"All the World's a Stage": One Woman's Survival Guide to Waiting in Line for Shakespeare in the Park

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22 Jun 2013

Heidi Schreck and Emily Bergl in <i>Comedy of Errors</i>.
Heidi Schreck and Emily Bergl in Comedy of Errors.
Joan Marcus

Forget the dog days of summer. Every year since moving to New York, there has been at least one day each summer when I have gotten up before 4 AM — by choice.

I was determined to get tickets to the free productions of Shakespeare in the Park at the Delacorte Theater. Every year, tickets have been given out in the afternoon, on a first-come, first-served basis to those who waited in line. Some years, when the cast of the play featured big-name stars, people would sleep on the sidewalk outside the park to ensure they were in the front of the line. I never took it to that extreme; when I lived within walking distance of the Delacorte, on Second Avenue, I would set my alarm for 3:30 AM and walked to the park, ready to sit in line for nine hours in hopes of being handed two tickets to that night's performance.

My friends called me crazy, but I saw nothing unusual about sitting in Central Park for one-third of a day in order to get free tickets to a play. And, I'm not alone; people have been lining up for Shakespeare in the Park since 1962. Over the years the Delacorte Theater has been home to the talents of James Earl Jones, Kevin Kline, Meryl Streep, Natalie Portman, Anne Hathaway and Al Pacino.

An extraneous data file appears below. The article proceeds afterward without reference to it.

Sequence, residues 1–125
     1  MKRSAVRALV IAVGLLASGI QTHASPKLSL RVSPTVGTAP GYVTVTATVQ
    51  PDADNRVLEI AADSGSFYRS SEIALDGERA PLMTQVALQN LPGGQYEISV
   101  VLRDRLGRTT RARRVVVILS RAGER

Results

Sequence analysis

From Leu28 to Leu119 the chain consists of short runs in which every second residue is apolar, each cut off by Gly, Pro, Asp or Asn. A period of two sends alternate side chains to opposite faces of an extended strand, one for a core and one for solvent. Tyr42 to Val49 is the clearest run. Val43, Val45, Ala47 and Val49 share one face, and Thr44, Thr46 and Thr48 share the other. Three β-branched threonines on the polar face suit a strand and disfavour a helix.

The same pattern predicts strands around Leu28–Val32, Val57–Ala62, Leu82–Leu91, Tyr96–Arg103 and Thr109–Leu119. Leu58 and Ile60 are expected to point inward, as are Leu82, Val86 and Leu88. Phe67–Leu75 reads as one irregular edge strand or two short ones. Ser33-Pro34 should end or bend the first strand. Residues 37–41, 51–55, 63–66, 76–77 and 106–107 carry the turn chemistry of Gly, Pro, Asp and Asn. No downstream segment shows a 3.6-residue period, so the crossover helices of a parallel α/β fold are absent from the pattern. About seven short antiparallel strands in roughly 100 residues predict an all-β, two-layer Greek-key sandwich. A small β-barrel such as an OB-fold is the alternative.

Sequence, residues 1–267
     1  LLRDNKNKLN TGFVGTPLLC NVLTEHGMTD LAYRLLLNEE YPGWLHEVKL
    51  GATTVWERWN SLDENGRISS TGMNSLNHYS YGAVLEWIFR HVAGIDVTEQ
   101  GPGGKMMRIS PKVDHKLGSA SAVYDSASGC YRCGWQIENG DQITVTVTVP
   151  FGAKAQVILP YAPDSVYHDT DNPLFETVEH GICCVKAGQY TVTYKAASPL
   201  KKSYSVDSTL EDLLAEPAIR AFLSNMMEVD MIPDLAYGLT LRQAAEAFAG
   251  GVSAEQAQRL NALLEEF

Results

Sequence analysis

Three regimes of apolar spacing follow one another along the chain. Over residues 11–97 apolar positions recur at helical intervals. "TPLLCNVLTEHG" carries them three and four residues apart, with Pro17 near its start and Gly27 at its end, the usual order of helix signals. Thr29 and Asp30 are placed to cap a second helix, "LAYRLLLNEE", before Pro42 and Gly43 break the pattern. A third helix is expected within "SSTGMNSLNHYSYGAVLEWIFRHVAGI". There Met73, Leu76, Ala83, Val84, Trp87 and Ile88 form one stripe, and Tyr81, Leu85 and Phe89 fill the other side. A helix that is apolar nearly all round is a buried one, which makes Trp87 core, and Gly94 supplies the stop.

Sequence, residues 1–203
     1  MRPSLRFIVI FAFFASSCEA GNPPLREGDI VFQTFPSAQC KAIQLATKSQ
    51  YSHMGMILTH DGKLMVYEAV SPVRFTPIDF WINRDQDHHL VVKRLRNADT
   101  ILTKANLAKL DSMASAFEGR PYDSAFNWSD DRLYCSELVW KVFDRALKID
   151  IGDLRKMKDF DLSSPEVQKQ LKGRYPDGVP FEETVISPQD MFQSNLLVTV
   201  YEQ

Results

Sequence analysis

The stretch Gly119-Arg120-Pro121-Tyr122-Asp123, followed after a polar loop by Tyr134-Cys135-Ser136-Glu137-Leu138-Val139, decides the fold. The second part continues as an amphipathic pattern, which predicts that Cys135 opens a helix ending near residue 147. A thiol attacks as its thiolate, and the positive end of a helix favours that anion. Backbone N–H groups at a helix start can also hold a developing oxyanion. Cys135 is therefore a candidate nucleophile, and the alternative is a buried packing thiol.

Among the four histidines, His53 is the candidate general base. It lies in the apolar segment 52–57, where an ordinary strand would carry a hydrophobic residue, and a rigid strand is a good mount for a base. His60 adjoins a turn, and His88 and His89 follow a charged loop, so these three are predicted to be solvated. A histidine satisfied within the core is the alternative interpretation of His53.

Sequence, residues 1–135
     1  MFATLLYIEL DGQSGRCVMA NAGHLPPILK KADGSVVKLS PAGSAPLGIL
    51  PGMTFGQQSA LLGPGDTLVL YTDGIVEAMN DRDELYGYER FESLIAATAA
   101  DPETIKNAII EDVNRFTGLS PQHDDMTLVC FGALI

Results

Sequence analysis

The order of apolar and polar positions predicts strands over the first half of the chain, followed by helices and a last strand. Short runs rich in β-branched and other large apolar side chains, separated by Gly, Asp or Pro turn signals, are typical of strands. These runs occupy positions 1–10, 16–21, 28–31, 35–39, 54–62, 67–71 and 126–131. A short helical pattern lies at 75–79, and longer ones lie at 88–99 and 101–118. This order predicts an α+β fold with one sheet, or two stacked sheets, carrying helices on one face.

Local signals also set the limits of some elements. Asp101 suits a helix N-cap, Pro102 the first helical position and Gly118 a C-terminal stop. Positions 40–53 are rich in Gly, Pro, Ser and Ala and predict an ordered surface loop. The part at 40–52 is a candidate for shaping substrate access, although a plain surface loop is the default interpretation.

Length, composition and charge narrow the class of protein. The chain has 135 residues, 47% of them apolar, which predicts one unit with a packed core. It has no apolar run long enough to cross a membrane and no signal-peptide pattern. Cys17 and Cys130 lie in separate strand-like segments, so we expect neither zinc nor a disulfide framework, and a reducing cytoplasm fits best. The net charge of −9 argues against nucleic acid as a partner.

In this writer's opinion, the show has always been worth the wait. I've enjoyed the 2008 concert of Hair, the 2009 performance of Twelfth Night and the 2010 performance of The Merchant of Venice in Central Park — even if I did yawn a bit during the performances.

Waiting in the park all day can feel a bit like entering battle, and no soldier goes to the front unprepared. To help those who want to see The Comedy of Errors and Love's Labour's Lost this summer, I've put together a list of tips to ensure fellow theatregoers stay comfortable while waiting for tickets.



Click through for advice from a veteran about surviving the wait.

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